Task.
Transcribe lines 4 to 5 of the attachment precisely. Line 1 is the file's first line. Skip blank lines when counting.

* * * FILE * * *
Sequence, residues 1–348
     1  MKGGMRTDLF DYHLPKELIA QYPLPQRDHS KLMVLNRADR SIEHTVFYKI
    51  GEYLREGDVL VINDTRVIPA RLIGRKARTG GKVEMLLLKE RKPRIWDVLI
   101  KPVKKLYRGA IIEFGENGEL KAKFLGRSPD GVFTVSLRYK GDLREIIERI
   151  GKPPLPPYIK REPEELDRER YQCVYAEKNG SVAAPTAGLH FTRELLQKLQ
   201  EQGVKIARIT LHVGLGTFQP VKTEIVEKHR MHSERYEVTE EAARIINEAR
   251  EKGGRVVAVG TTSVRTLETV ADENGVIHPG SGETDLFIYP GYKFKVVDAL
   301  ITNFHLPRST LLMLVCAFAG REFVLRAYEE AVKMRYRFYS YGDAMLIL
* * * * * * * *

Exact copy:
   101  KPVKKLYRGA IIEFGENGEL KAKFLGRSPD GVFTVSLRYK GDLREIIERI
   151  GKPPLPPYIK REPEELDRER YQCVYAEKNG SVAAPTAGLH FTRELLQKLQ